Friday at 6:30 p.m., the Martha’s Vineyard Regional High School class of 2014 will convene with families and members of the community for Class Night at the Tabernacle in Oak Bluffs. In addition to celebrating all that these seniors have already accomplished, the evening is an opportunity for the students to show their appreciation for the community who has supported them.
This year, more than $1 million will be awarded in student scholarships, marking a first in school history.
“I want to acknowledge the community for what they do for our kids,” said school guidance director Michael McCarthy. “It’s amazing how much they support our kids to go get an education and continue their education and how they value that. They value that by always passing the budget for the school, but they also value it by proving it with their own hard work and support for post secondary education. We’re really fortunate.”
Graduation ceremonies for the class of 2014 will be held on Sunday at 1:30 p.m. in the Tabernacle.
Mr. McCarthy has worked closely with this senior class, watching them grow into their role as leaders in the school. While they have matured and progressed as a class over their four years, he says that this class showed tremendous promise from the moment they came into the school four years ago.
“A lot of these kids, very early on, were thinking about what impact they could make and how they could make the school better, for themselves and the people around them. You could recognize it very early, but it matured as it went along and they got more involved and more engaged,” he said.
Reflecting on the class this week, Mr. McCarthy recalled a recent school council meeting where the council discussed school improvement. Although they were not required to be there, a number of members of the senior class came and presented their own ideas on ways to improve the school. “There’s no investment for them anymore because they are gone, but they were still willing to get involved for the betterment of the school and for their underclassmen,” Mr. McCarthy said. “That’s unusual, to get seniors who still come out when there’s nothing in it for them.”
Mark McCarthy, the athletic director at the high school, has similar memories of this class stepping into leadership roles within the school. “This is a class with tremendous growth,” he said. “From when they came in as freshmen to them leaving as seniors, I’ve seen them grow into leadership roles on and off the field.”
He started at the high school four years ago, so this is the first class that the athletic director has been able to watch grow from freshmen to seniors. In that time, he has watched the school prosper athletically, taking home two state tennis championships, and qualifying for state tournaments in nearly every sport.
In the four years that the class of 2014 has been wearing the Vineyarders uniform, the football team has never failed to take home the Island Cup in its annual game against Nantucket.
Nathaniel Horwitz, a graduating senior and member of the football team, remembers the 2012 comeback victory in the Island Cup as a highlight of his time at the high school. “I just remember in those last two minutes everyone thought we were going to lose,” he said. “Then, I remember the faces of hundreds of my classmates and community members bellowing as we pulled ahead for the win.”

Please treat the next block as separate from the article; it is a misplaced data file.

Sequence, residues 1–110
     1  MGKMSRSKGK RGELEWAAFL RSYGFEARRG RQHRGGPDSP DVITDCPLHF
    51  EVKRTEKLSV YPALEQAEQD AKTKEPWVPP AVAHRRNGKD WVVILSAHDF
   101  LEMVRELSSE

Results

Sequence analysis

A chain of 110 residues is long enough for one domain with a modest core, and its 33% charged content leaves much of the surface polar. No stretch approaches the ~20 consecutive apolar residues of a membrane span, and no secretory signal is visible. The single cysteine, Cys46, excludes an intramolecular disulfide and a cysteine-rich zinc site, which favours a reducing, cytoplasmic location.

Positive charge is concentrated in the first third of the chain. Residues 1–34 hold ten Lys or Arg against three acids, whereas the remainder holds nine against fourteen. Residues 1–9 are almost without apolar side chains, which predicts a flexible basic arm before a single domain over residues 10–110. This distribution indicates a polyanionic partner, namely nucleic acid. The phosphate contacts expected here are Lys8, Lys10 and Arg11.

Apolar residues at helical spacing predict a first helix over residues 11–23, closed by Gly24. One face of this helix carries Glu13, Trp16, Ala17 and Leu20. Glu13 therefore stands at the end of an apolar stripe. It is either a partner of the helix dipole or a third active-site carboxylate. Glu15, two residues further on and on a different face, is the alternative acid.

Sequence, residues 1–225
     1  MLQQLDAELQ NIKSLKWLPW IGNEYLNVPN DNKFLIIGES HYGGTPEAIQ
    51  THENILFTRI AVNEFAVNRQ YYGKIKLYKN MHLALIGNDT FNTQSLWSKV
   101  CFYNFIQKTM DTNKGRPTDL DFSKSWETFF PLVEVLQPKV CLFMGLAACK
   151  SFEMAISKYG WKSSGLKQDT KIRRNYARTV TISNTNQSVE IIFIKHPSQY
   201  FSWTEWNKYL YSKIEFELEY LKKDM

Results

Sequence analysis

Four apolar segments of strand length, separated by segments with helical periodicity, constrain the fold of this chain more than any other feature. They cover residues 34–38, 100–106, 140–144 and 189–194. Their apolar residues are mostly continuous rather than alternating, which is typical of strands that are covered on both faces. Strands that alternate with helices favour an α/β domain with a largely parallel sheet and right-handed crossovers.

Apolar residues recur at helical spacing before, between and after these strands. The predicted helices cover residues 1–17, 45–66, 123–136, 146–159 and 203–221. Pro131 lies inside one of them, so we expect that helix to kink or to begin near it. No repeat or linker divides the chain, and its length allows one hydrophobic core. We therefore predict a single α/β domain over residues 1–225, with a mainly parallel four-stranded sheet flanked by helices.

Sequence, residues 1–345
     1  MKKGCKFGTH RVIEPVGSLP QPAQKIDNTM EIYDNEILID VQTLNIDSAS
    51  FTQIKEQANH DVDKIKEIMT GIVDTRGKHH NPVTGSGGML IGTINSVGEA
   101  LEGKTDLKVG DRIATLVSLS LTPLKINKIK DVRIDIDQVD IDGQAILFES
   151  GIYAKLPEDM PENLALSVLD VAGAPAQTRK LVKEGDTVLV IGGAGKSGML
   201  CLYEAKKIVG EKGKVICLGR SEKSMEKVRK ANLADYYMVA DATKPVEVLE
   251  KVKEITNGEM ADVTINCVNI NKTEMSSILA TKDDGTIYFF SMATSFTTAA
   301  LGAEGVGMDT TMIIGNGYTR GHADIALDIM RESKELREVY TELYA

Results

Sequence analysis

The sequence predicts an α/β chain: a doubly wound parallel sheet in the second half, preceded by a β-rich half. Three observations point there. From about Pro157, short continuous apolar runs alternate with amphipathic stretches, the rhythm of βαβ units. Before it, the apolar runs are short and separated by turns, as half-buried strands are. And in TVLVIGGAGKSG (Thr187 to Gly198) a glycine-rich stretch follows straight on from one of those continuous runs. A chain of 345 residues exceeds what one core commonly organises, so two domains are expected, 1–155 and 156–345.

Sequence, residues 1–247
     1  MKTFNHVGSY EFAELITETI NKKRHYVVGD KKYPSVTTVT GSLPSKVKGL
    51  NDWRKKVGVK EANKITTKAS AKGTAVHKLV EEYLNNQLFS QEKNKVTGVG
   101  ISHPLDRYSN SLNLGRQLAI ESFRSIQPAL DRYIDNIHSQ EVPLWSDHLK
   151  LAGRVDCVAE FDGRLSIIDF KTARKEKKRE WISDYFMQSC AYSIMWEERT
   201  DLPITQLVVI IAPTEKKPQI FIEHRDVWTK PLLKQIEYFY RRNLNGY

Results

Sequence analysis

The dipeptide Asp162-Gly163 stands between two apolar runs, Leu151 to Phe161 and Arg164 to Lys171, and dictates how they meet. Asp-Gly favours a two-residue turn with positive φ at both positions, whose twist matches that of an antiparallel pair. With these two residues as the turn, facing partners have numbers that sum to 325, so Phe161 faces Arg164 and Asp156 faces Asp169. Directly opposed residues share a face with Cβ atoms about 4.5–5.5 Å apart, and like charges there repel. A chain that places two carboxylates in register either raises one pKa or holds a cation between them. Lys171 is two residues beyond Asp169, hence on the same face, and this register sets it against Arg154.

Next year, Mr. Horwitz will study synthetic biology and economics at Harvard University. While he will always cherish the memory of that monumental victory over Nantucket, he said the thing he will miss most from his high school years is the community and teachers who supported him along the way.
“It feels like as a high school student on this Island, everyone you run into at the store or in line at the post office or wherever you go has your back,” Mr. Horwitz said. “Everyone is behind you and supporting you and is happy when you succeed and sad when you fail. There is so much community investment in our success.”
Perhaps it is as a result of this support system that so many members of the senior class have shined in so many disciplines, in and out of the classroom. Chris Baer, a photography teacher and head of the arts department, noted the diversity of interests in this graduating class.
“One thing I notice is that the seniors this year are very much individuals; there seems to be a real diversity this year in what the students are doing and pursuing,” Mr. Baer said. “There’s no herd mentality in this class. It’s a lot of very interesting, ambitious and unique people pursuing some unusual passions.”
With their high school days all but behind them, the members of the graduating class are preparing for the next chapter in their lives. Many of the students will leave the Island this fall to study at colleges and universities around the country. This year the high school is sending six students to Ivy League universities, a testament to the academic prowess that this class has exemplified. Other students will take some time away from academia, pursuing extra curricular interests and community outreach.
Wherever they go, the Island community will always be cheering for them.